From Peak Learning:
Even if you had trouble deciding between two or more styles, the tentative order you put down is important.
Ned Herrmann associates Style A with a "master of logic and reason." The A style is devoted to getting the facts, figuring problems out logically, stating things clearly and precisely, reducing complex issues to simple decisions, and generating new ways of doing things more efficiently. Someone who is strong in this style to the exclusion of all others, Herrmann thinks, is likely to distrust ambiguity, intuition, and emotion.
Style B types are similar to A but place more reliance on what has already worked, on getting all the details right, and on procedure, order, and stability. They are more involved in answers and actions—doing things on time and on schedule—than on the questions and theories an A wants to analyze. Both are more verbal than emotional or intuitive.
Style C is primarily sensitive to moods, atmospheres, and attitudes. There is a greater awareness of things as a body process rather than as visual or verbal information. There is a strong interest in people and communication. Logic and theory take second place to feeling and experience.
Style D is where Herrmann finds the most emphasis on originality, ambiguity, and surprise, on the use of metaphor and the ability to picture things in preference to verbalizing them clearly. Style D types thrive on confusion and chaos, enjoying the challenge of many possibilities, and resist coming to final conclusions.
As Herrmann points out, these four styles are exaggerated. It is hard to find someone who uses only one of the four all the time. Even if all of your 1s, 2s, and 3s are on the same styles for all three subjects, your most favored learning style for all kinds of occasions is likely to be a blend of the styles you marked 1 and 2.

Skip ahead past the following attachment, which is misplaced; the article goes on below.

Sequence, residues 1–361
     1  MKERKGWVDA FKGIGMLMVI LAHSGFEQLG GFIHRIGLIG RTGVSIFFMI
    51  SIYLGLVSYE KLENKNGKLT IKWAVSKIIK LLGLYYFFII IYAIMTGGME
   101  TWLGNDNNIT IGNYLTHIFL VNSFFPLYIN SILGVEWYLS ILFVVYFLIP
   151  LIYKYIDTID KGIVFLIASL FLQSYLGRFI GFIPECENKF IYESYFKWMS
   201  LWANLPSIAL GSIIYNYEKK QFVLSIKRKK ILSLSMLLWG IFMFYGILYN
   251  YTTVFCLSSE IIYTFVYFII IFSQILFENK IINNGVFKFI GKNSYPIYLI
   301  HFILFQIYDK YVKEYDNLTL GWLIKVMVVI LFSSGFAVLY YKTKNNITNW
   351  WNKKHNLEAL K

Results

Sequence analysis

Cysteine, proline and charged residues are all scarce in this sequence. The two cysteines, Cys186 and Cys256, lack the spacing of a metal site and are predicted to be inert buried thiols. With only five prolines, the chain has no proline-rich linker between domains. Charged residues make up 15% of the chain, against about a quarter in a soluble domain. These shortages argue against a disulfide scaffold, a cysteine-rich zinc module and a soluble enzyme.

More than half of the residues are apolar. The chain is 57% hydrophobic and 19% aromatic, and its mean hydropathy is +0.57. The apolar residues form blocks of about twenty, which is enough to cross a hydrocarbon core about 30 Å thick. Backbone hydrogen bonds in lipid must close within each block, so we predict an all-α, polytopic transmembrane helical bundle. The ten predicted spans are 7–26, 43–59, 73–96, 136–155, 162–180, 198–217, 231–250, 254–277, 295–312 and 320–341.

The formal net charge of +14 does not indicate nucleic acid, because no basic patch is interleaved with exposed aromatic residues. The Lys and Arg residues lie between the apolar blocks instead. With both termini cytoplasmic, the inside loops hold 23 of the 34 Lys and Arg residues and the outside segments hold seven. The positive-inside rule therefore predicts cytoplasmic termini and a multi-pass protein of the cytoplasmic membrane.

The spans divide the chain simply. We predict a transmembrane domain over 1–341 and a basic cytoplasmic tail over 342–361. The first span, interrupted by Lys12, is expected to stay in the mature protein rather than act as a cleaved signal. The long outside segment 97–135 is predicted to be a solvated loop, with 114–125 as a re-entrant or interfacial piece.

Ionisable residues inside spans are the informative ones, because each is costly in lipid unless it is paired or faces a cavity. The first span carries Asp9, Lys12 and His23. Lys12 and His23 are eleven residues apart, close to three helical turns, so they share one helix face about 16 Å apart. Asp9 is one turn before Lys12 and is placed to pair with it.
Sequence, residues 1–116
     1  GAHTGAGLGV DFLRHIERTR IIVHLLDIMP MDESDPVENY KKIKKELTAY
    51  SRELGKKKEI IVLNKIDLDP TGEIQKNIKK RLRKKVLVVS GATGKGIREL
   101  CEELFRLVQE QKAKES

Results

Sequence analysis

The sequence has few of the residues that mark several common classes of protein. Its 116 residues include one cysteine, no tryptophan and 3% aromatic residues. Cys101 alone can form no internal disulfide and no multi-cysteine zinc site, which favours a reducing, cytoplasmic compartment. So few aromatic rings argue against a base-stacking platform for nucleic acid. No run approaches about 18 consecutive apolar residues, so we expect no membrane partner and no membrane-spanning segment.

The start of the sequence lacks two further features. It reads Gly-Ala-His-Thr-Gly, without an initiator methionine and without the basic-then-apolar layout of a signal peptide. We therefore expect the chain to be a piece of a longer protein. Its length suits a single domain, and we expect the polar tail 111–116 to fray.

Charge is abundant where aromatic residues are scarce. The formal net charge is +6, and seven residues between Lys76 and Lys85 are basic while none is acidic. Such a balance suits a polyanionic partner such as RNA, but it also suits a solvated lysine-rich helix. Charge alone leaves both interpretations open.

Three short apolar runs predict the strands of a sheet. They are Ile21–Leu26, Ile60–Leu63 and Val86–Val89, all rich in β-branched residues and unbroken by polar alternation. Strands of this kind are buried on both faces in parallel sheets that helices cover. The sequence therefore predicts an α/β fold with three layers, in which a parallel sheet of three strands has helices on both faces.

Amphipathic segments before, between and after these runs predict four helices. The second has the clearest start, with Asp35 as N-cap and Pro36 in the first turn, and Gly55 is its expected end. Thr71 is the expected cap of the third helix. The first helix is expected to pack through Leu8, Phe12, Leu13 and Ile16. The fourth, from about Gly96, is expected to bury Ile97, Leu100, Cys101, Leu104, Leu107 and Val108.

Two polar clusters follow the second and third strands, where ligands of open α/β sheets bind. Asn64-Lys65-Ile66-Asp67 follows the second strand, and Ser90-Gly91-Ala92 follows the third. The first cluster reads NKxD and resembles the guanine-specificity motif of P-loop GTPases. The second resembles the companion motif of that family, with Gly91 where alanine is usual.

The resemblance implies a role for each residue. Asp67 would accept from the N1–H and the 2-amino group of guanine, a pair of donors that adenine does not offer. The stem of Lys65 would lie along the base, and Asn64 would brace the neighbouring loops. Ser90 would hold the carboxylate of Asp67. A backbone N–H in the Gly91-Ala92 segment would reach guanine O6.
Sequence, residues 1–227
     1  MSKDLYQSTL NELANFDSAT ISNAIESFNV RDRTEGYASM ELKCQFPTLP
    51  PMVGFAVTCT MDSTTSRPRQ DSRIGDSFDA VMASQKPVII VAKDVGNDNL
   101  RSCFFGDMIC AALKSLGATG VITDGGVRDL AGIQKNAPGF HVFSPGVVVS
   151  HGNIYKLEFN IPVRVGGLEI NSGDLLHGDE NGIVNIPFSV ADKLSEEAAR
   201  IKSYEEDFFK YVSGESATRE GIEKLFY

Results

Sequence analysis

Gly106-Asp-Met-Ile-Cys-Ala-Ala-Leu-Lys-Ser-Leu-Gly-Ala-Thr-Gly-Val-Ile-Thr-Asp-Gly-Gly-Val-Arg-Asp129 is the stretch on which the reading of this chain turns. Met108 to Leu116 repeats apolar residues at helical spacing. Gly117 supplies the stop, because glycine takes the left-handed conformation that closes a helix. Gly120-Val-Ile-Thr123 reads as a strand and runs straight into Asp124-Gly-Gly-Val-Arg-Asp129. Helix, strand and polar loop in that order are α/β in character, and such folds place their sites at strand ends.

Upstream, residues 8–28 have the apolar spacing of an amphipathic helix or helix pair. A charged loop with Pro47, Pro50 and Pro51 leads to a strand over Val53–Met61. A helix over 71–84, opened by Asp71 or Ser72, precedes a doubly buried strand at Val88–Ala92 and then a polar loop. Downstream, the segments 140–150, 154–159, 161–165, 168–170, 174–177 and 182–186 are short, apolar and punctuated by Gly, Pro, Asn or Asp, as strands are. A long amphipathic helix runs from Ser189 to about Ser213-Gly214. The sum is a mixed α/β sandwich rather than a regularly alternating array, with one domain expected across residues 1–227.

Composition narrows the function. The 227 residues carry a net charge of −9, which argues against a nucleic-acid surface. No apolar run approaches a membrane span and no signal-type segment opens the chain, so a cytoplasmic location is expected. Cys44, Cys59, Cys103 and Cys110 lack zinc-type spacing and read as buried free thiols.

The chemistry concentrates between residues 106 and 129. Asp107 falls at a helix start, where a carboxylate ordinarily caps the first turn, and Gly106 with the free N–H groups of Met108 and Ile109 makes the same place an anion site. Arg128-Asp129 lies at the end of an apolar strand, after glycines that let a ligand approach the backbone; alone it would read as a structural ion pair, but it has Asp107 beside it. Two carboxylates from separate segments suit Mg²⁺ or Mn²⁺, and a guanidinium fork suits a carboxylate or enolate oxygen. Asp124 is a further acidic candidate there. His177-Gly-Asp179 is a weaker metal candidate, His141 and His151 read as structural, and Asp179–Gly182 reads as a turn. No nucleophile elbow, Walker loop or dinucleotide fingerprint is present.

On the other hand, if the numbers you assigned vary among different styles, you probably have a more flexible approach to learning. Most frequently, we find ourselves strong in more than one of these styles and naturally pick the one that's appropriate to a given learning situation.
Your awareness of which of these styles feels most comfortable will enable you to adjust the conditions of your learning to make it more congenial. In much the same way as the grouper-stringer approaches, recognizing that you have a preferred approach allows you to seek learning situations in which that approach works best.
Alternatively, you can choose a less comfortable style in order to stretch your learning muscles. And, when you can't find a useful match between what you want to learn and the style in which you'd be most comfortable learning it, you can use your preferred style at the same time. You might experiment with forming an intuitive picture of some subject while building and discarding several logical systems, or you might discuss the views of various authorities in conversation with other students.
For more on Ron Gross, visit his website.